Iran is the economic equivalent of a Group of Seven country. With a population of 80 million, more than double Canada's, it's a big and tempting emerging market. By developing-country standards, its citizens are well educated and fairly wealthy. The country sits on the world's fourth-largest oil reserves and has enormous pent-up demand for everything from cars and aircraft to smelters and smartphones.
Iran has been starved for these goodies since 1979, when Western sanctions were imposed after the fall of the Shah and the hostage crisis that followed. They were tightened in recent years but largely lifted earlier this month, when Iran, under reformist President Hassan Rouhani, agreed to wind down Iran's nuclear development ambitions.
Now the race is on to supply Iran with all the bits and bobs it needs to overhaul its decrepit economy. Canada should be at the forefront of the sales onslaught; it's not and may never be. So far, in transportation – aerospace and trains – and in energy services, two areas where Canada is globally competitive, it's a big, fat zero.
How to explain the Canadian no-show when European companies from France's Airbus to Italian oil-engineering giant Saipem are already piling up tens of billions of euros of Iranian contracts? Impossible to say for sure, but Canada's diplomatic naiveté may have something to do with it.
Canada, like the European Union, imposed tight sanctions on Iran in 2012. In September, then prime minister Stephen Harper closed the embassy in Tehran, expelled Iranian diplomats from Canada and called Iran "a clear and present danger." There was more. Canada also listed Iran as a state sponsor of terrorism and passed the Justice for Victims of Terrorism Act, which allowed terrorism victims to sue countries that are listed as terrorism sponsors.
As Canada severed all diplomatic relations, the EU kept the diplomatic and trade door open – even as it tightened the sanctions screws. In November, an Iranian news agency reported that Fiat Chrysler Automobiles NV, led by Italian-Canadian CEO Sergio Marchionne, had held talks aimed at building commercial vehicles in Iran. The French and the Italians obviously found quiet ways to keep their Iranian relations intact; even before Mr. Rouhani made his official EU debut in Rome on Monday, it was widely reported that Iranian airlines had arranged a deal to buy 114 Airbus passenger jets.
Canada, like all other Western countries, had legitimate concerns about Iran's dire human-rights record – the relationship between Canada and Iran turned critical in 2003 when Zahra Kazemi, a photographer with Canadian and Iranian citizenship, was killed while in custody in Iran. And it had legitimate concerns about Iran's nuclear ambitions and its support of the Assad regime in Syria.
But its decision to end all diplomatic relations no doubt put Canada and its industries at a huge disadvantage – and made Canada look like a hypocrite: During the sanctions era, Bombardier could make no effort to promote its airplanes in Iran ahead of the inevitable wind-down of the sanctions; meanwhile, Canada was forging ahead with a $15-billion deal to ship made-in-Canada armoured vehicles to Saudi Arabia, another country with a grim human rights record.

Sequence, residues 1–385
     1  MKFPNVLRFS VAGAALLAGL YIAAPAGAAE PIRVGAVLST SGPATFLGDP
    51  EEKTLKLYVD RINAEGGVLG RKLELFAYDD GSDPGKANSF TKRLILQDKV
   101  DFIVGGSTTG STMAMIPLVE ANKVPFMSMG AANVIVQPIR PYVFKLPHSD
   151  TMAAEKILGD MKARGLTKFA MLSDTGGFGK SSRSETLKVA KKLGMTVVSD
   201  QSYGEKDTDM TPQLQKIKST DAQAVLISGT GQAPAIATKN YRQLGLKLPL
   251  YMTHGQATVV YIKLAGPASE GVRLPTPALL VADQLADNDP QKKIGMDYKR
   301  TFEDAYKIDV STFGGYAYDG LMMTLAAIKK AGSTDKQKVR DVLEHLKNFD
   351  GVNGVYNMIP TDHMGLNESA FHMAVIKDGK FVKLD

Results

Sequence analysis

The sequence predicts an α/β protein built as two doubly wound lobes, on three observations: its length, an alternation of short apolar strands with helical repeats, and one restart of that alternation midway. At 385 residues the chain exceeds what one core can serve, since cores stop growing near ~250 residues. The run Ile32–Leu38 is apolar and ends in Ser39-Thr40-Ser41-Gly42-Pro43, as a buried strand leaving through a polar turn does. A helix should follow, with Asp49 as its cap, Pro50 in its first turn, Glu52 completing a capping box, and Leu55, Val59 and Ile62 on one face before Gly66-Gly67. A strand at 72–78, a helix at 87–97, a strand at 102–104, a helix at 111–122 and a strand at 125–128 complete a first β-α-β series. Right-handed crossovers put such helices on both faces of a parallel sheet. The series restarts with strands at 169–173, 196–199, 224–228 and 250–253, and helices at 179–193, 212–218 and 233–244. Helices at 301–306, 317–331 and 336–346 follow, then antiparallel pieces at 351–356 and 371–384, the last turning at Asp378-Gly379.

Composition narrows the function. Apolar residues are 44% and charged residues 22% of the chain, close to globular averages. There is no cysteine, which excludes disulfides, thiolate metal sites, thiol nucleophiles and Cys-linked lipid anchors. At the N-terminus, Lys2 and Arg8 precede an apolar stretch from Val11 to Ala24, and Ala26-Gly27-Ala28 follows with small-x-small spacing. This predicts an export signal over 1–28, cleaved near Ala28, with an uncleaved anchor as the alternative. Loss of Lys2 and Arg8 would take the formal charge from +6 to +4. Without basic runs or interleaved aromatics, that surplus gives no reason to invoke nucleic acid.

Canada has a long history of misreading geopolitics and botching foreign deals. In 1979, then prime minister Joe Clark fulfilled a campaign promise by announcing he would move the Canadian embassy in Israel from Tel Aviv to Jerusalem, pleasing the Israelis to no end but earning the ire of the entire Arab world. Bell Canada, which had a big contract in Saudi Arabia at the time, and other Canadian companies with Middle East business, freaked out and complained to the government, forcing Mr. Clark into a humiliating climbdown.
Canada need not lose its Boy Scout image, at least not entirely. Its biggest companies need not take outlandish risks, as engineering and construction company SNC Lavalin did in Libya where it cozied up to the Gadhafi regime, only to get tangled in epic corruption and bribery allegations that hollowed out its executive team in Montreal. But Canada need not take a bad situation and make it worse, as Mr. Harper and his foreign minister, John Baird, did in 2012, when they became outright antagonists to Iran.
The EU took a much more sensible diplomatic approach and is now reaping the rewards. Italy alone has lined up €17-billion of contracts in recent days. Airbus and other French companies will probably bag contracts of similar size or larger.
Bailed-out Bombardier, which is desperate to find buyers for its ailing C Series jet, could get shut out of the Iranian sales bonanza. So could Canadian oil companies, which should be in prime position to modernize Iran's energy infrastructure. Maybe their products and services are not what Iran needs. Or maybe in a part of the world where the politics and the economy are so intertwined, Iran may have decided that it's revenge time. Canada is now trying to find ways to end its sanctions against Iran, a process complicated by Iran's status in Canada as a state sponsor of terrorism. When they do disappear, it may be too late for Canadian exporters.